I just returned from Santa Rosa and the spring sesshin at the Angela Center. I was only able to make the first 4 days, which is great, but painful leaving the sangha to continue to strive without me.
Sesshin in the hills of Santa Rosa, green in the spring rains, warm and speckled with wildflowers if you know where to look. Summer camp for the joyful and intent.
What is sesshin? It’s a retreat, though it hardly seems like a retreat. I feel more present in sesshin than anywhere else. It’s a container in which every aspect of life can be practice. We wake at 4:30, and take tea in the zendo at 5. We sit in the quiet stillness, black faces on busy houses, lines of dedicated practitioners saving all beings, until 7am, at which point the sun has begun to rise. The teachers silently inspect the troops. The head of practice opens the practice for the day. We eat in silence, and work practice animates the Angela center. We rest until 9, then are back in the hall. There is sitting and walking and yoga, which Ishara is generous to lead and I am intimidated to join so I lie in the extra cushions in the ajoining room. Interviews with the teachers begin, and attendants, like angels, come to collect the souls and ferry them into light. We wait for the teachers, for the drum for their bell and signal our approach. We enter into interview, and speak, perhaps for the only time that day. We sit talk about koans (n), then we are invited to koan (v). We sit in the hall until 12, then break for lunch. We give food to the hungry ghosts that they will be at peace. We eat our bread and salad. We drink tea. We work and rest and return to the zendo at 2. There are sutras. We sing. We chant. We mess up words and laugh. More interviews.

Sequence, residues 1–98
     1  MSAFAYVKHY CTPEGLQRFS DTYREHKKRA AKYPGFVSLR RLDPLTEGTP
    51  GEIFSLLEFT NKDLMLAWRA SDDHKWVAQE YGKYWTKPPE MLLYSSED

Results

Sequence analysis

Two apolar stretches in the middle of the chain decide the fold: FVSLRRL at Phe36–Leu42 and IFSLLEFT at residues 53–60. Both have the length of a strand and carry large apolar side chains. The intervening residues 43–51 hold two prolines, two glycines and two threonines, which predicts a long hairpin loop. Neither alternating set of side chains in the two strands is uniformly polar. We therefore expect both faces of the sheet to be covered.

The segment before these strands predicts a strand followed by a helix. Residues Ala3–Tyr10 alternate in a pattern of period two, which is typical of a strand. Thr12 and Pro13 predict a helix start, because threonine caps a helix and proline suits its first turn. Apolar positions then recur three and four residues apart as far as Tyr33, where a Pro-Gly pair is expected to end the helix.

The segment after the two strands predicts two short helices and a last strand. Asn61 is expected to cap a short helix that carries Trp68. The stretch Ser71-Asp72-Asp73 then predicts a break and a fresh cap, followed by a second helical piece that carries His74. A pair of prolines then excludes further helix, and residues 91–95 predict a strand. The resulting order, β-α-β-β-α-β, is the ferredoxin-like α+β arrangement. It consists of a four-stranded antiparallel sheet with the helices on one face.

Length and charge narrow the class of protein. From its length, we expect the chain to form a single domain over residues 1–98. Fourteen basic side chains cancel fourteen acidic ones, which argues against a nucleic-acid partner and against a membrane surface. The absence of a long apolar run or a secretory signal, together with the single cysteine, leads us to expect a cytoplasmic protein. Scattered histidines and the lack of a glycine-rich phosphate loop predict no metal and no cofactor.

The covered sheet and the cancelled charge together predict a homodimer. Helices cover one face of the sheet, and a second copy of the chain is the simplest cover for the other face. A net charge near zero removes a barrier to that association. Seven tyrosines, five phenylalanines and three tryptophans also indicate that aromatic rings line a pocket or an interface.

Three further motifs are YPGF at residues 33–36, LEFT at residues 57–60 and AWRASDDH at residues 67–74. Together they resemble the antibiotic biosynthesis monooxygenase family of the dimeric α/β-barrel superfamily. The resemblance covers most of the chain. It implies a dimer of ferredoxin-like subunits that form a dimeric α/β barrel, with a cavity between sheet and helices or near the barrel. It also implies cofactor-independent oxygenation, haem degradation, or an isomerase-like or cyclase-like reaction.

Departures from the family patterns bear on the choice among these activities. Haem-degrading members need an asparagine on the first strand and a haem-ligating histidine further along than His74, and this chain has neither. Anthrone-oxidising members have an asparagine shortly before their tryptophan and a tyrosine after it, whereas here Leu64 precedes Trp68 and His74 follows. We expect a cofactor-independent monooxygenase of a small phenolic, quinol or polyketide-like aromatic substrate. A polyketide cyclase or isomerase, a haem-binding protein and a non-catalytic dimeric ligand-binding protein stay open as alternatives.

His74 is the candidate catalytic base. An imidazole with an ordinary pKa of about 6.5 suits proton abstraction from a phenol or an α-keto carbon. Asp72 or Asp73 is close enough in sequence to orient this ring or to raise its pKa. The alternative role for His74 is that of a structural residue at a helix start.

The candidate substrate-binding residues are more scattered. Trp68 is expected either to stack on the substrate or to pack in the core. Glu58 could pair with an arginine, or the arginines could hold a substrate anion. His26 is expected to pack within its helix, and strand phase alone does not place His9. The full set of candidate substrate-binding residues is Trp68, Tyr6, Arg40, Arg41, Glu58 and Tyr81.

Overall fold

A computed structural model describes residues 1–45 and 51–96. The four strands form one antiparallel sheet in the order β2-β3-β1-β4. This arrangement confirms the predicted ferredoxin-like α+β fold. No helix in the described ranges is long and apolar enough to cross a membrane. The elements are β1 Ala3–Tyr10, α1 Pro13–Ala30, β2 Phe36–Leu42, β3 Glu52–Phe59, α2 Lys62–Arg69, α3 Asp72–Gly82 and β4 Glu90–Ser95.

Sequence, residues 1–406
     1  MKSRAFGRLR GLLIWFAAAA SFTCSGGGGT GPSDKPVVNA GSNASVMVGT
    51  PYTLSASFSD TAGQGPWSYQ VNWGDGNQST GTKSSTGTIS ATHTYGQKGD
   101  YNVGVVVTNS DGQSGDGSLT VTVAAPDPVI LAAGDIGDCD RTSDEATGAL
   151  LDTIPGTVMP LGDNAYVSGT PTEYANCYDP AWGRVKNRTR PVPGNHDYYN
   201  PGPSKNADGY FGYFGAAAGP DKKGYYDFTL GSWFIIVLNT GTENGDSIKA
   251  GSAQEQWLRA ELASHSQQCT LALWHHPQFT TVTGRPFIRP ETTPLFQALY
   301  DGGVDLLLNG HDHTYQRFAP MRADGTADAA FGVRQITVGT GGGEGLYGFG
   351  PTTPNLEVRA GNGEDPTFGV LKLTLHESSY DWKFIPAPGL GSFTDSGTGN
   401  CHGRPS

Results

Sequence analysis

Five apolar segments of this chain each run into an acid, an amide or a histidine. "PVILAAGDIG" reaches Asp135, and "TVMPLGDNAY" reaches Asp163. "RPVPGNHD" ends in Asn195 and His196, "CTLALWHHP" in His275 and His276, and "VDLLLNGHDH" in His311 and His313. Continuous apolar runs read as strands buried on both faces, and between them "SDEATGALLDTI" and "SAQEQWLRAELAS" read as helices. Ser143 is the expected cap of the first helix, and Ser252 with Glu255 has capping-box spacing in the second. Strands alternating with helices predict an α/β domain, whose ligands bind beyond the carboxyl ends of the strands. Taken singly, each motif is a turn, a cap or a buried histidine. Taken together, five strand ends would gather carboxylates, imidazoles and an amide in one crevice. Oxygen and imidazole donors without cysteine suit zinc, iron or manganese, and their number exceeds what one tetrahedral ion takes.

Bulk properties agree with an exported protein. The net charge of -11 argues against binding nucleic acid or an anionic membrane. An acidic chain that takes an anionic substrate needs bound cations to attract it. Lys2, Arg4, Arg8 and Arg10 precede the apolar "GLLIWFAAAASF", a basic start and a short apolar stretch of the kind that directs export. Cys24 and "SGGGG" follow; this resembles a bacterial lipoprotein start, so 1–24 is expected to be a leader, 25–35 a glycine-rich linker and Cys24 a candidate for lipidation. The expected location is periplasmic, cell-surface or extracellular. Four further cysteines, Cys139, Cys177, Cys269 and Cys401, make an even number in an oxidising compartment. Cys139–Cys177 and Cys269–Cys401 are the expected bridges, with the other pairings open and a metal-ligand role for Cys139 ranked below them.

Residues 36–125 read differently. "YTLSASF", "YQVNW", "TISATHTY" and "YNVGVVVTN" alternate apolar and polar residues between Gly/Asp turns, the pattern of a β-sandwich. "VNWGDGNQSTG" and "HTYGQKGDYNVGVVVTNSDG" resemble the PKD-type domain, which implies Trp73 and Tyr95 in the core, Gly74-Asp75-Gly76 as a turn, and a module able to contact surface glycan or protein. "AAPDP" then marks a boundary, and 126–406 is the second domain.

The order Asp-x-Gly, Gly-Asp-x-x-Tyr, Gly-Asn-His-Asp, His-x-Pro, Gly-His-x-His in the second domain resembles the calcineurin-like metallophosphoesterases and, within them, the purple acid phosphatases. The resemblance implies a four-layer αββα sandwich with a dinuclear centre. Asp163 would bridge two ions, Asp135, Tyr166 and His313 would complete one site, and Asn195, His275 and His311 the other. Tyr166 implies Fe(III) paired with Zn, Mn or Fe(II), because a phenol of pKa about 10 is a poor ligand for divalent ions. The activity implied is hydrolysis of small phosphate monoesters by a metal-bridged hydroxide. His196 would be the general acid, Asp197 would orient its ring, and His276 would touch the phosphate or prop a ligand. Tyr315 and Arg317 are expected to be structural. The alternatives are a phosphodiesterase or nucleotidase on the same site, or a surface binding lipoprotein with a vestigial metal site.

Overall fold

At 5 we take dinner, and break till 7. Then we have darma talks. We bow, and sit and listen. After the talks, we sit. The teachers say goodnight. The head of practice closes the zendo. Many people stay on and on, striving in the shadows of the candles. The rest of us turn to sleep at 10.
While on a walk in the hills, I wondered: When does the blank wood basement at 824b Carolina become a Zendo? When I lay out the cushions? When I light the candle and incense? When I give Buddha his water?
I knew in an instant, without knowing how, that the room becomes a zendo when I place my sandals against the wall outside and bow to enter. Then it is a sacred container holding our practice and letting us look unflinchingly into our true natures.
Driving away today, a double rainbow held the Angela center. How fitting that I could see it, but not the people it crowned. Ishara asked me why we say "enlightened" instead of "lightened". I guessed that lightened refers to casting a light on something, but enlightening comes from a light within. We agreed that we didn't know this to be the origin, but to steal from Hemingway, "wouldn't it be pretty to think so".
Carry on sesshiners. Carry on for all of us. I bow to you and we will light incense for you tomorrow.
“A Course on Koans” is the delusion-riddled work of Chris Kufu (“Wind in the Void”) Wilson, who began practicing Zen in 1967. He regards Taizan Maezumi, Robert Aitken, and David Weinstein as his root teachers. Each of them pecked at his shell until he “completed” the never-ending koan curriculum of the Harada-Yasutani lineage.
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